Since the birth of psychology as a science, a large number of different theories and techniques that seek to account for the analysis and study of the human psyche. Different theories have focused on different aspects and methods from which to work, such as working on unconscious aspects or directly observable behaviors.
One of the various methods developed throughout history, and in fact the one proposed and used by the father of scientific psychology Wilhelm Wundt, is the introspective method.
The introspective method: basic theory
An introspective method is a procedure by which a subject focuses his attention on mental contents and processes. In other words, in introspection, the subject analyzes what is going on in his mind without interfering with the stimulation.
This introspection is then expressed verballyIt is therefore the subject himself who reflects and externalizes thought by trying to be as objective as possible and without modifying or contaminating the content of thought with explanations or speculations about it.
The introspective method is one of the first methods used in the study of the psyche. While similar approaches can be found in classical philosophy, it would only be from Wundt that this methodology would be systematized and begin to be used scientifically. By this method, it is expected to find the structure and characteristics of the different strata of the mind.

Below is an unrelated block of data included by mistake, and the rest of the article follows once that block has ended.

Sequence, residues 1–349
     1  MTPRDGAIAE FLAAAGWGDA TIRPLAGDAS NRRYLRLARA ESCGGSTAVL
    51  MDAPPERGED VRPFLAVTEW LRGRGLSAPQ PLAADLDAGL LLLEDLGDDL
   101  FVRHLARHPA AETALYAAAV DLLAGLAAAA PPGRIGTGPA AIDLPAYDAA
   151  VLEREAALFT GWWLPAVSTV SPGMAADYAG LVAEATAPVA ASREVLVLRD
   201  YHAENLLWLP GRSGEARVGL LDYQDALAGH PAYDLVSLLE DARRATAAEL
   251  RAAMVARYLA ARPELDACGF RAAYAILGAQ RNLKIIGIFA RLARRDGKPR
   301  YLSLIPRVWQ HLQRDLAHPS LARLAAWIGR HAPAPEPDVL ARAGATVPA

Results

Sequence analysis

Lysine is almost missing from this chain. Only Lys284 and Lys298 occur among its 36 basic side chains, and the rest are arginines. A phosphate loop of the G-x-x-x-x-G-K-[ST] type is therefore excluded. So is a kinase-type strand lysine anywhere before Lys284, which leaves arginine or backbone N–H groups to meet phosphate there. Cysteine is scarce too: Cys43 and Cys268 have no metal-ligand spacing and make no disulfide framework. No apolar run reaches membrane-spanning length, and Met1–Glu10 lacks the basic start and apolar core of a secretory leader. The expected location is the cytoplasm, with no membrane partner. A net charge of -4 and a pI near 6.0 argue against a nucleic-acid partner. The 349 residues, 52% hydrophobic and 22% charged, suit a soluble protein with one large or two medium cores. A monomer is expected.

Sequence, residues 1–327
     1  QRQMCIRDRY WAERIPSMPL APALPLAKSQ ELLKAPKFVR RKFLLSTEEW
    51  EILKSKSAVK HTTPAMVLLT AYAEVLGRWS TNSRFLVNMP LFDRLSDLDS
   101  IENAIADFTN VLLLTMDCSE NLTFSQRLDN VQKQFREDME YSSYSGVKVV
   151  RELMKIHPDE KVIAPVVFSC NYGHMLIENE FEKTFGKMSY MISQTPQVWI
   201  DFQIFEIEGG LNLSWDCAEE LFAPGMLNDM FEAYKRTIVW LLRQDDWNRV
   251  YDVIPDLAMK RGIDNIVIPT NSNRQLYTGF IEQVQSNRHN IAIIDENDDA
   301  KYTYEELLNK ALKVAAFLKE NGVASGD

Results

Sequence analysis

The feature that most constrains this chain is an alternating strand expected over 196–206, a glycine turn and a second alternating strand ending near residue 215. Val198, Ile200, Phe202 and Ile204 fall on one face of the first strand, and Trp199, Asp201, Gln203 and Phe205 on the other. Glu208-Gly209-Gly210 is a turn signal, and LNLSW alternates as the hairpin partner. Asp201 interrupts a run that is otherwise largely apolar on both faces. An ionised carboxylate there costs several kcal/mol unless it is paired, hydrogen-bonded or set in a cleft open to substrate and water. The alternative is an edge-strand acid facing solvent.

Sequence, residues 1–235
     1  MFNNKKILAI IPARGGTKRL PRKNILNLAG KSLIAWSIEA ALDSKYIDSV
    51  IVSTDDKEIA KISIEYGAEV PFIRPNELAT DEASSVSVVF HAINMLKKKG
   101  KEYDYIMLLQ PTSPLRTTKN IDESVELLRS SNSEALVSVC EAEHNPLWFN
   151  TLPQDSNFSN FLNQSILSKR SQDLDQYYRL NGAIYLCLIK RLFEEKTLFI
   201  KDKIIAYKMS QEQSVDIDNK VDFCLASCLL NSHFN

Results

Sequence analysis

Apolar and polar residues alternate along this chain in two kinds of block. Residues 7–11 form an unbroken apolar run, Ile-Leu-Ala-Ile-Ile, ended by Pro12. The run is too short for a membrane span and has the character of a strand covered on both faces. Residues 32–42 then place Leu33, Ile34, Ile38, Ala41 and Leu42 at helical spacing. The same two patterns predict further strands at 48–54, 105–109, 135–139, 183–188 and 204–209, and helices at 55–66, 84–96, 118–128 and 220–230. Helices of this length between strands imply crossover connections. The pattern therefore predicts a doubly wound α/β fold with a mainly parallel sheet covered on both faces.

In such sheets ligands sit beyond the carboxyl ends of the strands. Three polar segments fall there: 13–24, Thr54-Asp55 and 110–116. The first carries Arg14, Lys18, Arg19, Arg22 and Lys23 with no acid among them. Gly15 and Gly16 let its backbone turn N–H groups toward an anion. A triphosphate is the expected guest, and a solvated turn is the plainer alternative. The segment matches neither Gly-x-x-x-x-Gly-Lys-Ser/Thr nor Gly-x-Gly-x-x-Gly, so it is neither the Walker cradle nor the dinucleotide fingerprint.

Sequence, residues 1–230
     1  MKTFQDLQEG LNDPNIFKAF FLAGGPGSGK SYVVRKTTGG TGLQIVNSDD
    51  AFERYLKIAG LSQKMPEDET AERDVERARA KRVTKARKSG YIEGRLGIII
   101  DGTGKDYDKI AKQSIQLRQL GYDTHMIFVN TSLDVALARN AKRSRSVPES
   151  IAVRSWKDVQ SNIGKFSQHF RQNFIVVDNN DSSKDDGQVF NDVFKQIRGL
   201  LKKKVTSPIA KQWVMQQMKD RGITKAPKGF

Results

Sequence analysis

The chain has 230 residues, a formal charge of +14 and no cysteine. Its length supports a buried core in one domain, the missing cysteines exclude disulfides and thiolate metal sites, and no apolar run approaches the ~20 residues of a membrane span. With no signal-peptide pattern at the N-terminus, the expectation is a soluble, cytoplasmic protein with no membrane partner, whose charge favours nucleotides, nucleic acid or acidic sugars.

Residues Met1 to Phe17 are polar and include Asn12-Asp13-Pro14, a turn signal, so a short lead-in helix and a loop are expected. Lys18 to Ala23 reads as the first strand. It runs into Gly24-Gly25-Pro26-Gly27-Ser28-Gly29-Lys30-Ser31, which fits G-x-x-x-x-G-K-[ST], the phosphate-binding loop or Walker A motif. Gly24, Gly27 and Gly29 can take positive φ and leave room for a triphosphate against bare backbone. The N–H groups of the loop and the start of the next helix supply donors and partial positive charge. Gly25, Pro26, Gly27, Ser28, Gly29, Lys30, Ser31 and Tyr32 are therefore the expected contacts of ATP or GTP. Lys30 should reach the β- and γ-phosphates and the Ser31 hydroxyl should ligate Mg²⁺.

Classic kind of introspection
Introspection is a methodology that it was developed throughout the early history of psychology and that after having been partially abandoned (despite a certain presence in the various theoretical currents), it would be recovered in contemporaneity.
Most of all we can find it two main types of introspection in the classical period, Experimental and systematic or phenomenological introspection.
1. Experimental introspection
The first of these and that of Wundt and his followers is experimental introspection, which it aims to focus on mental processes in an objective and scientific way by manipulating the stimulation to which the subject under study has been subjected. He seeks to capture the expression of the psyche as it arises to analyze it.
Thus, in addition to the patient’s verbal record, measurements are taken of his electrophysiological records, the number of misjudgments, muscle tension or heart rate. With these measurements and information, it is possible to study the presence and functioning of attention, will or emotion, but not more complex elements.
The subject was trained to distinguish the experienced from cognition in this regard, performing the experiment as many times as necessary and be able to scale the stimulation received, And report the sensations immediately so that they are not contaminated by thoughts and cognitions.
2. Systematic introspection